This is the most critical time for obtaining good in-crop weed control, and is when most available herbicides for use are applied.

Early in-crop

Options for good control are limited if weeds develop in-crop. Broadleaf weeds in most vegetable crops can only be killed by cultivation or by inter-row spraying with a shielded spray unit. An alternative option is to control weeds through the use of directed inter-row spraying with non-selective herbicides using shielded spraying equipment.

Late in-crop

Once a crop is established and canopy closure achieved, it will suppress the growth of most weed species. However, if some weeds grow rapidly and rise above the crop during the last few weeks and interfere with the harvest, hand weeding is the only way to reduce their numbers prior to harvest. While this may be expensive in the short-run, the longer-term benefits of reducing the weed seed bank will be seen in future crops.

Post-harvest weed control

Following harvest, effective weed clean-up and maintenance of a clean fallow between crops is essential. The use of cultivation or non-selective herbicide sprays, or a combination of both will ensure clean fields and easier and more cost-effective weed management in future crops.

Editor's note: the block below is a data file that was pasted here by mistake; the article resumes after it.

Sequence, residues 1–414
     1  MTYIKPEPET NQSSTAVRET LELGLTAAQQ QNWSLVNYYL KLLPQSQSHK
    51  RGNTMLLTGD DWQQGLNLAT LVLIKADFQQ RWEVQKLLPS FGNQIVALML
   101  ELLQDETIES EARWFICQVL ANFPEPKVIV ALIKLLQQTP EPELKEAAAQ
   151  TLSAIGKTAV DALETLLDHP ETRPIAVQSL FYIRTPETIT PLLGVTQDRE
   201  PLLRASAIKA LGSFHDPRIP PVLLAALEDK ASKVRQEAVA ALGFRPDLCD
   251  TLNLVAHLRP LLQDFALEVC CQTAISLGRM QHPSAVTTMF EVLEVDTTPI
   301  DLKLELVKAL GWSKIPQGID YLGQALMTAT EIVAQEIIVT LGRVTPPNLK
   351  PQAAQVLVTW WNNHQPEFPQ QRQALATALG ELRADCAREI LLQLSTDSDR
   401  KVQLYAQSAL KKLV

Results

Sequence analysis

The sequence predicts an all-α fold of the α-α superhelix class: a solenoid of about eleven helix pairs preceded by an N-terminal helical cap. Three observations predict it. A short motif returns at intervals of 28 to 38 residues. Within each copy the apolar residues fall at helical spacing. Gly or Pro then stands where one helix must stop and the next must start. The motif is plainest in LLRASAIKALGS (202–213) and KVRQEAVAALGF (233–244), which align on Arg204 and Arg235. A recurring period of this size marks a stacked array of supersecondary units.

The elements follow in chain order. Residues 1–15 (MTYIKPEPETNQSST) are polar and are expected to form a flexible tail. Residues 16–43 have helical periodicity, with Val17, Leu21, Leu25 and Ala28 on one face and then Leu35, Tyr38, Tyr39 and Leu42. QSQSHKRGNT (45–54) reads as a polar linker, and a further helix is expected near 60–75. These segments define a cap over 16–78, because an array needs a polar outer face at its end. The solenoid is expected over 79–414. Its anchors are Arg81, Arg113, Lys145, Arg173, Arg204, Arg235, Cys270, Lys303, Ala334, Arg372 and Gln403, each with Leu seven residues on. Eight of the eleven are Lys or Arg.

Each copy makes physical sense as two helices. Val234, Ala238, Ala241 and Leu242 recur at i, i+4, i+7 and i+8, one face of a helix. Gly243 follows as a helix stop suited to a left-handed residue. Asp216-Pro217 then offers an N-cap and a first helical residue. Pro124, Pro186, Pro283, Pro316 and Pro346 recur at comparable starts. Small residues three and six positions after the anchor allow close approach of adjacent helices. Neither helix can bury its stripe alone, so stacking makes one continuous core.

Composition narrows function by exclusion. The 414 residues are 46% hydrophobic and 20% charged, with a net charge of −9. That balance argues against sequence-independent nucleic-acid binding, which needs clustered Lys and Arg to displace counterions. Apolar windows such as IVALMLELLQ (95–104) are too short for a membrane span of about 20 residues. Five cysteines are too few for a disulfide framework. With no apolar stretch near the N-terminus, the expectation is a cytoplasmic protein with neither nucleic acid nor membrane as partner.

Integrated weed management components include:

Cultural methods

include good management practices generally used in the course of production, such as crop rotations, farm hygiene, crop health maintenance, and correct weed identification.

Mechanical and physical methods

are relatively easy, may be inexpensive, and do not create chemical residues. However, they may damage soil structure and promote erosion. Some mechanical and physical methods include cultivation, mowing, and chipping; heat treatment (flaming, steam, or hot water treatments are knockdown options for organic farmers); and mulches (plastic, paper, organic, and living).


are designed to kill either selected weeds or a broad range of plant species. A range of herbicides are currently available for use on broadleaf and grass weeds. Choosing which herbicide to use will depend on which weeds are likely to be a problem, what you plan as the following crop in the rotation, and the types of herbicides used in previous crops. To avoid build-up of resistant weeds, it is important not to continuously use herbicides with the same modes of action. Take careful notice of the registrations and restrictions on different herbicides, and plan so that future rotations are not likely to be adversely affected. A variety of application methods are available, with the most common being sprays or wick-wipers.

Preventing weeds in the greenhouse:

Weeds are one of the most significant sources of insect pests and diseases. There is a very high chance that the insect pests and diseases that affect greenhouse crops have come from weeds in and around the greenhouse. It is very important to keep a weed-free area around the greenhouse, and not even leave weed seedlings. Flowering plants and especially any plant that is in the same family as the crop that is being grown are serious weeds. Grasses are generally a lesser problem although they must be kept short and free from broadleaf and flowering plants.

Sources of information and related tools: